According to the Indian Good Clinical Practice, Indian Council of Medical Research guidelines, DCRs, the sponsor, whether a pharmaceutical company, or an institution, must agree in a clinical trial agreement before the study begins, to provide medical treatment as well as financial compensation to research participants for any physical or mental injury which they may suffer during the clinical trial. In addition, in the case of study-related death, the participant's legal heir(s) is/are entitled to material compensation. Compensation must also be given to a child injured in utero because of a parent's participation in a trial. The DCR-6th Amdmt states that medical treatment should be provided for as long as required or until such time it is established that the injury is not related to the clinical trial, whichever is earlier. When the participant suffers no permanent injury, the quantum of compensation should be proportionate to the nature of the nonpermanent injury and loss of wages.
The DCR-6th Amdmt states that the EC must provide its report on the SAE, along with its opinion on financial compensation, if any, to be paid by the sponsor or his/her representative, to the DCGI within 30 days of notification by the PI [Figure 1].
In case of SAE, the expert committee constituted by DCGI looks into the inputs from EC and gives it recommendation to DCGI. Depending on the report of expert committee, DCGI determines the compensation of the SAE. If the sponsor fails to provide compensation to a research participant for trial-related injuries or to his/her legal heir in case of death, the DCGI may, after giving an opportunity to show cause why such an order should not be passed, by a written order, suspend or cancel the clinical trial and restrict the sponsor/clinical research organization (CRO)/local representative of a foreign sponsor from conducting any further clinical trials in India or take any other action deemed fit.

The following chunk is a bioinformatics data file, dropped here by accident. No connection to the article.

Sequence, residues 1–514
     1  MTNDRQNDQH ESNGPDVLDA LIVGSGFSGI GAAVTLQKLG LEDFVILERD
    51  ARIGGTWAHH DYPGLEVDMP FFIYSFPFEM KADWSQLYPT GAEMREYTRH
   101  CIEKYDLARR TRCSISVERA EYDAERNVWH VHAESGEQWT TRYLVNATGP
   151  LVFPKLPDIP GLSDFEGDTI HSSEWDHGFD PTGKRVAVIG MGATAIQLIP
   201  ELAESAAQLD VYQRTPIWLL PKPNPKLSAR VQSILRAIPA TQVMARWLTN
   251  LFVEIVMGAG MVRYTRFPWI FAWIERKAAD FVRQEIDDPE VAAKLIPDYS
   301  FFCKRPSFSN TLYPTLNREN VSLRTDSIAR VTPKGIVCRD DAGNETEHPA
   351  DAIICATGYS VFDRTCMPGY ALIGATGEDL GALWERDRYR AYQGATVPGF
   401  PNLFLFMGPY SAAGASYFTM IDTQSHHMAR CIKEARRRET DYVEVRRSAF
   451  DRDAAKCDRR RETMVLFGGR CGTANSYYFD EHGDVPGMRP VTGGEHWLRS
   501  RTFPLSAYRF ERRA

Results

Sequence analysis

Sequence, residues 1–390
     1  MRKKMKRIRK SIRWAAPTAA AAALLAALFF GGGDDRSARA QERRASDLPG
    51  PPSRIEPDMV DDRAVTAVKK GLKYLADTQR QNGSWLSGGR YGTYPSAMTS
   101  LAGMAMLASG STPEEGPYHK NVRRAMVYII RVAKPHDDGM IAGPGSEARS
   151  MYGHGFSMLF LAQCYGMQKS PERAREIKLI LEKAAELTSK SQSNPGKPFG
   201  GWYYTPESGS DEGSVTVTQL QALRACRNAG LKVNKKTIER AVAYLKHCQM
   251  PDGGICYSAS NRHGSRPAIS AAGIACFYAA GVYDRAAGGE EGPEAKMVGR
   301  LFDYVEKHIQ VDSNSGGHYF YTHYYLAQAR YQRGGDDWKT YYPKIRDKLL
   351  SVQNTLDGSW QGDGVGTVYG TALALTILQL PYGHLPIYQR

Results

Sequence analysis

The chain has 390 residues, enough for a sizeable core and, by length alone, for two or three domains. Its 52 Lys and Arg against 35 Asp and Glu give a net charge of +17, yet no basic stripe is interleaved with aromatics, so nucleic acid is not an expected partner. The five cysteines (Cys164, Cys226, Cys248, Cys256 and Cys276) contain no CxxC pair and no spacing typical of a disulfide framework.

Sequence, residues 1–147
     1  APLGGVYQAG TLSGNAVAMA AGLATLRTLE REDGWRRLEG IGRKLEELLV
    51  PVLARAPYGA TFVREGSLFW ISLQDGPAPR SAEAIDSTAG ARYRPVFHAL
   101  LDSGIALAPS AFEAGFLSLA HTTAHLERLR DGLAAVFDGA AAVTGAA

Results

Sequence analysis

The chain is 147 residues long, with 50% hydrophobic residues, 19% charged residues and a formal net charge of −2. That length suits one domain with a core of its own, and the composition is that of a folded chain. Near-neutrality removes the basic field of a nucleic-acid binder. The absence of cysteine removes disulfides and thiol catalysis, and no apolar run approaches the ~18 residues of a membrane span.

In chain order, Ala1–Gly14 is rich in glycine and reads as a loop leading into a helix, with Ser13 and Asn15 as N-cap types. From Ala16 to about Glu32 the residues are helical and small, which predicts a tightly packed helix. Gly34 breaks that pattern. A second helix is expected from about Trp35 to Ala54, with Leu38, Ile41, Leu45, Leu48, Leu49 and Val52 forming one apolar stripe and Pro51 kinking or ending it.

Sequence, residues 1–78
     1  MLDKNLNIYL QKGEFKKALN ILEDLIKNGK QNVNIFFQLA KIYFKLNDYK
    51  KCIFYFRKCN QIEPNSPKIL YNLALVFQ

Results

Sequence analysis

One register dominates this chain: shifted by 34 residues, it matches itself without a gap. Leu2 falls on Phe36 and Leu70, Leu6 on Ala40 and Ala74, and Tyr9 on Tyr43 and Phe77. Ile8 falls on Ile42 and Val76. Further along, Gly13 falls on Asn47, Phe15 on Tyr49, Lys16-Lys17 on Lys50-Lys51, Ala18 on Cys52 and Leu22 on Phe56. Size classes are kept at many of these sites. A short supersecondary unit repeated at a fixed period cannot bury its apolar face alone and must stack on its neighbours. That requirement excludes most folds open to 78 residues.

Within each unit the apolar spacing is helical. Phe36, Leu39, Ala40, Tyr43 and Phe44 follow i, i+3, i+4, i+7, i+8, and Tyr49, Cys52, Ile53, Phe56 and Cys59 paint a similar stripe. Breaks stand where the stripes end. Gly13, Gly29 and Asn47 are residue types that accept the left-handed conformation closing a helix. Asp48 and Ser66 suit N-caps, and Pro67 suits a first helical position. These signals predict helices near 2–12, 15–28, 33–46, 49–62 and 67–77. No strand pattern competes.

Research participants who have suffered physical injury as a result of their participation in a clinical trial are entitled to financial compensation commensurate with their temporary or permanent impairment or disability subject to confirmation from EC. In case of death, their dependents are entitled to material compensation.
The bottom line here is that the financial compensation should be over and above the expenses incurred in the medical management of the trial subject as per DCR 1945. The Ministry of Health and Family Welfare designed formulae to determine the quantum of compensation based on age of the subject, risk assessment depending on the seriousness and severity of the disease, and presence of comorbidity and nature of the injury.
As per the DCR-1st Amdmt and the DCR-6th Amdmt, the sponsor is responsible for compensating the research participant and/or his/her legal heir(s) if the injury or death has occurred due to any of the following reasons:
The participant may be paid for the inconvenience and time spent, reimbursed for incurred expenses, and received free medical services in connection with his/her participation as long as required. If the participant suffers from any other brief illness during the ongoing trial, the sponsor also provides ancillary care to participants at the same hospital or trial site.
The formula for compensation is (B × F × R)/99.37
Where B = Base amount (i.e., 8 lacs); F = Factor determined as per the age (based on Workmen Compensation Act); R = Risk factors [based on seriousness and severity of the disease, presence of comorbidity, and duration of disease of the subject at the time of enrolment, Table 1].